But I couldn’t just stay there. Not with all that screaming going on next door. And it wasn't just a screaming fit, either. Pure terror was etched in that voice. The kind of scream that lets you know someone is about to meet Jesus, and that someone is gonna’ go mighty quick.
“Mom, wait up.” But she was already out the back door. “Oh, geeze.”
She took the shotgun Dad had left us. This wasn’t good. I thought about grabbing my own robe to cover my Snoopy pajamas, but the sound of shouting alarmed me. I sprinted down the stairs and out the door.
Mr. Abernathy stood at the fence line where his property butted up against Mr. Askew’s backyard, which was adjacent to ours. Mom stood with the shotgun ready, a Bible in her left hand. An air of righteous indignation haloed her, or maybe it was a trick from the streetlight. All I know is a halo surrounded her head, a beautiful nimbus. Except for that shotgun in her right hand, it would have made a pretty picture.
“I told you to stay in your room, Danny,” she whispered through clenched teeth. “You need to go… now.”
Past Mom’s shoulder, across the lawn and one yard over, stood Mr. Abernathy. His jaw dropped, his head turned in the direction of the Askew’s. I looked over and saw Mrs. Askew on her knees. It was difficult to see her because their house blocked the streetlight, and Mrs. Askew knelt in almost complete darkness. Before her was a shadow whose shape I couldn’t make out, but the sound of sobbing floated lightly on the night breeze. I realized the glimmering liquid around Mrs. Askew was blood. The scent of copper pennies filled the air, and my eyes finally adjusted.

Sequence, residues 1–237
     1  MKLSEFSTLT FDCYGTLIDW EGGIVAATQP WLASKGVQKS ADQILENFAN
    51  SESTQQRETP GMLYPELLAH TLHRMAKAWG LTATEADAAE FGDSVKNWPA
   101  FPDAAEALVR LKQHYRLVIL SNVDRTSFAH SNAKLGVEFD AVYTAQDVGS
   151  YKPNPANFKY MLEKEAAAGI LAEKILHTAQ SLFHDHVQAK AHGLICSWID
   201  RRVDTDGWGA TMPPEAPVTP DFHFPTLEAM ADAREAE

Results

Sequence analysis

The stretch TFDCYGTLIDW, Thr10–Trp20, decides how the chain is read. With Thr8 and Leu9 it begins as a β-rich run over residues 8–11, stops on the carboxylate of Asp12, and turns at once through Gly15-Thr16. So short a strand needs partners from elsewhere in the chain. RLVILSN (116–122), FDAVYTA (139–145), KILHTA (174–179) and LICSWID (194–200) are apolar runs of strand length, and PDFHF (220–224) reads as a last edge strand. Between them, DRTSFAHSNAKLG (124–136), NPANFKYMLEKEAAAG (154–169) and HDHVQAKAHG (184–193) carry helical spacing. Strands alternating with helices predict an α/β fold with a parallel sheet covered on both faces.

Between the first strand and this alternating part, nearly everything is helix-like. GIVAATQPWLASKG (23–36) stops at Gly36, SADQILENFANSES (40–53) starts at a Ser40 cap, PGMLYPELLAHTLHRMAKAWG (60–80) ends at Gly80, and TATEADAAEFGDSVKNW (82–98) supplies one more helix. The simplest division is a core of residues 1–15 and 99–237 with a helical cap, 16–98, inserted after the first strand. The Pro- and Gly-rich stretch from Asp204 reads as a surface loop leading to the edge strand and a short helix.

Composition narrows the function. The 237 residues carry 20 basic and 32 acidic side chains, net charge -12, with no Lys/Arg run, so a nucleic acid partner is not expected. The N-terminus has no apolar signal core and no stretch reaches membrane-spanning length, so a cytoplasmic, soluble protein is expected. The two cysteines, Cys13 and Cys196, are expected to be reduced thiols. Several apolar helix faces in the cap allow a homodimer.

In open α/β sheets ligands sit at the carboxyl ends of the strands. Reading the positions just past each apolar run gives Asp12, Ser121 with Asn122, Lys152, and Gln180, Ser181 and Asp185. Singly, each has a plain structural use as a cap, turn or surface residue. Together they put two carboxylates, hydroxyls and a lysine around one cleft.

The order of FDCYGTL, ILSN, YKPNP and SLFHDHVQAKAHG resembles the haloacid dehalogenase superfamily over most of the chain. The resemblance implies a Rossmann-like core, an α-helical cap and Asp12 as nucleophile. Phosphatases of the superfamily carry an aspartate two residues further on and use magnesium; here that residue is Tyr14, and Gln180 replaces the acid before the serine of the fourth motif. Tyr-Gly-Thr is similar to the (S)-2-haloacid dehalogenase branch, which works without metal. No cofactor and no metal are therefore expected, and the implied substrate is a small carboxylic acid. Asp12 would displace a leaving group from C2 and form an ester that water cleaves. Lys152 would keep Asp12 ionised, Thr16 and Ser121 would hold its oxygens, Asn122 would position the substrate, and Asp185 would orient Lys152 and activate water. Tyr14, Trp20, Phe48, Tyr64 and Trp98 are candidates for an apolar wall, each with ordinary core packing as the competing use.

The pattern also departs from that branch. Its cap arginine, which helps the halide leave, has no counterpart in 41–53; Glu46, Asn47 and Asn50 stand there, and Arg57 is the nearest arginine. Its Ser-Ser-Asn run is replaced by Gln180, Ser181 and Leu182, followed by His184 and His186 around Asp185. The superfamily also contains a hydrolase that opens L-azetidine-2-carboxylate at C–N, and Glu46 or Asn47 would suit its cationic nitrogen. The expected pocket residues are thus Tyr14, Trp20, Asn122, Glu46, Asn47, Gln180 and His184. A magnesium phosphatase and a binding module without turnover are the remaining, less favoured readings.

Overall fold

The shadow before Mrs. Askew was that of her husband’s mutilated body.
Terror coalesced in the air like congealing blood, thickened like syrup. The night turned darker, although I knew it was just a trick of the light. My heart sped and my stomach clenched tight.
“Mom?” I whispered.
She turned ever so slightly, and beyond her I saw it: an insect-like creature with large pinchers and antennae. Part of it was still in shadow, but where the glow of the streetlight struck I saw yellow glimmering on what looked like black armor. And then its image formed inside my brain, finally, and I saw it for what it truly was. I’d been pushing it from my mind, telling myself that it was a trick of the light, like Mom’s halo. But I couldn’t fight against what my eyes shoved into my brain. Before me stood a giant humanoid spider—insectile body, eight legs ending in pinchers, and a cluster of eight eyes. It wore some sort of clothing around its midsection, surrounding its abdomen.
And then it spoke: Click… click… clickety… click!
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